Researchers at Lewis & Clark college have figured out how geckos can stick to anything. “Researchers found that the tips of the hairs on the bottom of gecko feet are tiny enough to take advantage of a weak attraction between individual molecules called van der Waals forces.” Because the adhesive technique is based on the structure of the hairs and not chemistry or capillary action, it has many possible applications in synthetic form. Imagine tape that works underwater or in a vacuum. Think of tape that doesn’t lose its stickiness and is self cleaning. I can’t wait for Band-Aids that don’t stick when you remove them. This is better than VELCRO.
Continuing the ongoing quest to find an economical method for moving cargo and eventually passengers to and from space, a private group is planning to construct the space elevator (mirror of the article from space.com). I first read about the space elevator almost twenty years ago in Arthur C. Clarke’s Fountains of Paradise, a story that is fascinating in its sound scientific and technical descriptions. The space elevator is a fairly simple concept: a wire anchored on earth at the equator connects to a platform in space. A lift climbs the wire. The main challenge has been to find a material that is strong enough for the wire. Clarke suggested a cable made from diamonds. It appears that the recently discovered carbon nanotubes have greater strength and will do nicely. So when will the space elevator be constructed? In the late 1970s Clarke was asked the same question. He replied, “The space elevator will be built about 50 years after everyone stops laughing.” It looks pretty serious to me.
Australian scientists have proposed that the speed of light may not be a constant. The proposal is based on the discovery that “light from a distant quasar had absorbed the wrong type of photons from interstellar clouds on its 12 billion year journey to earth. This meant that the structure of atoms emitting quasar light was slightly but ever so significantly different to the structure of atoms in humans. The discrepancy could only be explained if either the electron charge, or the speed of light, had changed. But two of the cherished laws of the universe are the law that electron charge shall not change and that the speed of light shall not change, so whichever way you look at it we’re in trouble.”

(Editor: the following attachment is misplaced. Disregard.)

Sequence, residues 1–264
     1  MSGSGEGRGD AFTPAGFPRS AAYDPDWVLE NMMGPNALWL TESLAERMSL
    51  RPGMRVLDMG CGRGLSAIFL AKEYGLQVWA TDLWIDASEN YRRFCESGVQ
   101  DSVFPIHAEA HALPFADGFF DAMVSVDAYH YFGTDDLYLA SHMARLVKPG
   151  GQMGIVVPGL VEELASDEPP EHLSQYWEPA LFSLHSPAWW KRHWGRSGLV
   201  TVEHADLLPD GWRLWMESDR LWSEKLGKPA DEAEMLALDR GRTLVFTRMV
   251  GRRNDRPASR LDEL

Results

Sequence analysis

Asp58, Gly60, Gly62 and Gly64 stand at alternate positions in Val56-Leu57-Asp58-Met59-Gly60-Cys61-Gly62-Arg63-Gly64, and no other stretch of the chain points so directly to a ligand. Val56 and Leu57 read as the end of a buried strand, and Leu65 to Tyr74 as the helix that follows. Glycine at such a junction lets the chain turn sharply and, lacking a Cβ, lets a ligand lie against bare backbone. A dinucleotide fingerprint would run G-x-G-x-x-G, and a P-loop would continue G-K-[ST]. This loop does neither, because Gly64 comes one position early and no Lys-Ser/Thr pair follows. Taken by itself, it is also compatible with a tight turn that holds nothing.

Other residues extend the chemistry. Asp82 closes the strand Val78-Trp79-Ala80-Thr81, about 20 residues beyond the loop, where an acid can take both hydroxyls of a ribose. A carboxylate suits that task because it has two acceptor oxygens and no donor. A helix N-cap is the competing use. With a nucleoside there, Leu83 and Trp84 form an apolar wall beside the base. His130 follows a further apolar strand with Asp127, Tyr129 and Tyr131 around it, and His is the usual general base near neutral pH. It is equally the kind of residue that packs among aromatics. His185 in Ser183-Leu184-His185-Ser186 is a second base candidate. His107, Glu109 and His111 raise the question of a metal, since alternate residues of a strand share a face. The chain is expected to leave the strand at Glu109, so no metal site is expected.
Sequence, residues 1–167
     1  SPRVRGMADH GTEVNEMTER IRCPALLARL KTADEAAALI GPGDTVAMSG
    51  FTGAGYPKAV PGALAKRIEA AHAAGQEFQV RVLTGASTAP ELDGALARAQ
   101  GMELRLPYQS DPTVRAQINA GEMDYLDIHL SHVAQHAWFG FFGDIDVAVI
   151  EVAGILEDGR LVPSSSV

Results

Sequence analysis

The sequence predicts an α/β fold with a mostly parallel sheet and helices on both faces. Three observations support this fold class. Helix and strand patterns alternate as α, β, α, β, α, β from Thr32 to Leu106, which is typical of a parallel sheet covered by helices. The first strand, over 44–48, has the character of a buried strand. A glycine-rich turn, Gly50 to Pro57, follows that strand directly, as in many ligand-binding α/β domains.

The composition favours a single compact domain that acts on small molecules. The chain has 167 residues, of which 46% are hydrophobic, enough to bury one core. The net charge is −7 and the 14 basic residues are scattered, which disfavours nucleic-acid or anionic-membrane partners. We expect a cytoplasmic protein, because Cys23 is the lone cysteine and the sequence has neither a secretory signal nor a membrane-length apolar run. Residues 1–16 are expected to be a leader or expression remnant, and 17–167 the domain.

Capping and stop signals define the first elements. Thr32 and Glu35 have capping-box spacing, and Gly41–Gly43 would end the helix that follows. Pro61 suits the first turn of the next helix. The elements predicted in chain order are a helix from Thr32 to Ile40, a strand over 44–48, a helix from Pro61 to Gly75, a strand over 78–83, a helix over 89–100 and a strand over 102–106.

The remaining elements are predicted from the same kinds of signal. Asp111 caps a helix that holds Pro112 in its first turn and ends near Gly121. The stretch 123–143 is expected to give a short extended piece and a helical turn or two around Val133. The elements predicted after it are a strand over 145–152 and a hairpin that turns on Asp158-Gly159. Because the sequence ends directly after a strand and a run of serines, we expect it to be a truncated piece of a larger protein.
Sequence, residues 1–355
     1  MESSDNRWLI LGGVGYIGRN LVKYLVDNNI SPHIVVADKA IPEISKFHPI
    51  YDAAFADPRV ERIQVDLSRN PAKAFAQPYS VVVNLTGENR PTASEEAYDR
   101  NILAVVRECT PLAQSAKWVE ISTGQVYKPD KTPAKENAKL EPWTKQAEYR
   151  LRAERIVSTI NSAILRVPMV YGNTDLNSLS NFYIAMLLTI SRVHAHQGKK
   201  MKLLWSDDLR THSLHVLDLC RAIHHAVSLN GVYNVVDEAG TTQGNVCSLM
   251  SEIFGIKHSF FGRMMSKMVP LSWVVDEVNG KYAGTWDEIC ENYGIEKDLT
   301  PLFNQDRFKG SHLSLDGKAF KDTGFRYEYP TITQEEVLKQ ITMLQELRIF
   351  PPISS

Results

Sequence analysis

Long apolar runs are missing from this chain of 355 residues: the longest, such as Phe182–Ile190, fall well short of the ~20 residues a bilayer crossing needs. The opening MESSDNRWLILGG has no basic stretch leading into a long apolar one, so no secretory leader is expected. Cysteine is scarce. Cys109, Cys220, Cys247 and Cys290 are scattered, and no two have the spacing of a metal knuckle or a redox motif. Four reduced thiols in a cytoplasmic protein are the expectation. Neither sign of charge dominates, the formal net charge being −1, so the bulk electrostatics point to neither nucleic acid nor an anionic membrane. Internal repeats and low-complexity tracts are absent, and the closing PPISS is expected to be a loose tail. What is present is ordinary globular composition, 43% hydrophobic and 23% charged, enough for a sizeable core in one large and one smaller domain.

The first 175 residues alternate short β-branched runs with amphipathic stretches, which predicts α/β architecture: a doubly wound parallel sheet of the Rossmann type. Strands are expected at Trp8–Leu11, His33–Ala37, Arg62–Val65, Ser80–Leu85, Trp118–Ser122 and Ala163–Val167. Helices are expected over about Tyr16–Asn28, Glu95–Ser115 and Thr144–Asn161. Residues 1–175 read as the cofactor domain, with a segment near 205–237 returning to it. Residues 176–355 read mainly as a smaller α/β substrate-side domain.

Steven Levy talks about Stephen Wolfram and the book A New Kind of Science which I mentioned earlier. “Some of the engineers are developing A New Kind of Science Explorer, a PC application with a mini-Mathematica program that allows people to run the experiments in the book and begin to do research projects of their own. Wolfram feels very strongly that ‘his’ kind science is one through which amateurs will unearth major discoveries, and he has been thinking of various ways to assist them.” All this sounds like fun.
According to a Time Magazine article, Stephen Wolfram, the famed creator of Mathematica, says science has been broken for more than 300 years – and he can fix it. The article is about his new book, A New Kind of Science, in which Wolfram discusses how studying cellular automata may be better than trying to develop complex equations to explain nature. (Also see WolframScience.com)